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From: Junio C Hamano <>
Cc: Christian Couder <>
Subject: Automated bisect success story
Date: Sat, 21 Apr 2007 13:36:06 -0700
Message-ID: <> (raw)
In-Reply-To: <>

Learning from example by Steven Grimm, let me share a success

Earlier I noticed that "fsck --full" from 'master' took forever
in linux-2.6 repository, but the one from 'maint' finished in 2
to 3 minutes.

We recently had a few enhancements by Christian Couder to
git-bisect, and this was a perfect opportunity to see how well
they worked:

(1) "git bisect start" now takes one bad and then one or more
    good commits, before suggesting the first revision to try.

Traditionally, immediately after you gave a bad and a good
commit, it did a single bisection and then a checkout.  This
avoids repeated bisect computation and checkout when you know
more than one good revisions before starting to bisect, and also
let you bootstrap with a single command (you could instead give
one good commit at a time and then finally a single bad commit
to avoid the waste).

Not only I know 'maint' is good, I also know that the tips of
"foreign projects" merged to git.git, that do not share any
codepath the fsck takes, are irrelevant to the problem.  So I
want to mark tips of commit ancestry I merged from git-gui
projects as good.  Hence:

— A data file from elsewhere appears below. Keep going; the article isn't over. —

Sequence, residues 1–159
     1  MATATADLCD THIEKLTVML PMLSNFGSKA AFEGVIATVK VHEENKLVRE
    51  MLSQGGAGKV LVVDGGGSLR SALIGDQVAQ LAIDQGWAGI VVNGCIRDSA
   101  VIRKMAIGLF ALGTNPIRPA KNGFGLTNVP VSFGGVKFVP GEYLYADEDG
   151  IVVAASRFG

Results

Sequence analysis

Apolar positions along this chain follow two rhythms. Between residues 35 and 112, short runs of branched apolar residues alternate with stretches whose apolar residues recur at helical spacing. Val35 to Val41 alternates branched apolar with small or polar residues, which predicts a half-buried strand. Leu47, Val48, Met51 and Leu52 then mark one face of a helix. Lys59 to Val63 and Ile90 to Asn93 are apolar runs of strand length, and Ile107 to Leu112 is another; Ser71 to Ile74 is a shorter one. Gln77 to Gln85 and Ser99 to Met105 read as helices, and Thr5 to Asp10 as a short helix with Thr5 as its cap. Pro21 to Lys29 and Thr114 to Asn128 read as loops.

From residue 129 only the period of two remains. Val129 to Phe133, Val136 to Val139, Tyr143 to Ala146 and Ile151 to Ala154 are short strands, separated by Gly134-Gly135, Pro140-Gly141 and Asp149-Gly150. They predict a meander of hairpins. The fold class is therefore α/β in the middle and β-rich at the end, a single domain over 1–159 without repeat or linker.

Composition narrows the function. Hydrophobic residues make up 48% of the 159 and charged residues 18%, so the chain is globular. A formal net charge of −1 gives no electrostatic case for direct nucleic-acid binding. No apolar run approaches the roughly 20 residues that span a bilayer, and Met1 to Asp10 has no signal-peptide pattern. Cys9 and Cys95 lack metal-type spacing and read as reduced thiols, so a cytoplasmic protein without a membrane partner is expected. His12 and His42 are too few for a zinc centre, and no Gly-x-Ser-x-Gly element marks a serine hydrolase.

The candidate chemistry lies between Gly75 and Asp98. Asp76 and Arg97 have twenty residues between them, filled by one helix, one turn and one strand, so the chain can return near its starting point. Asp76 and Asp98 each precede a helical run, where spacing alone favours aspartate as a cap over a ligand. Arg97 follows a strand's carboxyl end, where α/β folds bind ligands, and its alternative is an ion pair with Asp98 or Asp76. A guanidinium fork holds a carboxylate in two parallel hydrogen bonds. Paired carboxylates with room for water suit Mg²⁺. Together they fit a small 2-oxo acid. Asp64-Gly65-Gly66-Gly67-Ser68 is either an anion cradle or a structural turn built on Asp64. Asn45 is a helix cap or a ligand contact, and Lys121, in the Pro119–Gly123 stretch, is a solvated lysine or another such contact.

$ git bisect start master maint remotes/git-gui/master

Mnemonic.  Start takes a Bad before Goods, because B comes
before G.

(2) "git bisect run <script>" takes a script to judge the
    goodness of the given revision.  Because I know each round
    of test takes around 3 minutes, I wrote a little script to
    automate the process and gave it to "git bisect run":

	$ git bisect run ./+run-script

This ran for a while (I do not know how long it took -- I was
away from the machine and doing other things) and came back with
the "object decoration" one Linus has fixed yesterday with his

Here is the "+run-script".  I have git.git repository and
linux-2.6 repository next to each other.

-- >8 --

# Build errors are not what I am interested in.
make git-fsck && cd ../linux-2.6 || exit 255

# We are checking if it stops in a reasonable amount of time, so
# let it run in the background...

../git.git/git-fsck --full >:log 2>&1 &

# ... and grab its process ID.

# ... and then wait for sufficiently long.
sleep 240

# ... and then see if the process is still there.
if kill -0 $fsck
	# It is still running -- that is bad.
        # Three-kill is just a ritual and has no real meaning.
        # It is like "sync;sync;sync;reboot".
	kill $fsck; sleep 1; kill $fsck; sleep 1; kill $fsck;
	exit 1
	# It has already finished (the $fsck process was no more),
        # and we are happy.
	exit 0

      reply index

Thread overview: 5+ messages in thread (expand / mbox.gz / Atom feed / [top])
2007-04-21  0:30 [RFH] WTF did we change in git-fsck recently? Junio C Hamano
2007-04-21  1:24 ` Linus Torvalds
2007-04-21  1:30   ` Linus Torvalds
2007-04-21  2:17     ` Junio C Hamano
2007-04-21 20:36       ` Junio C Hamano [this message]

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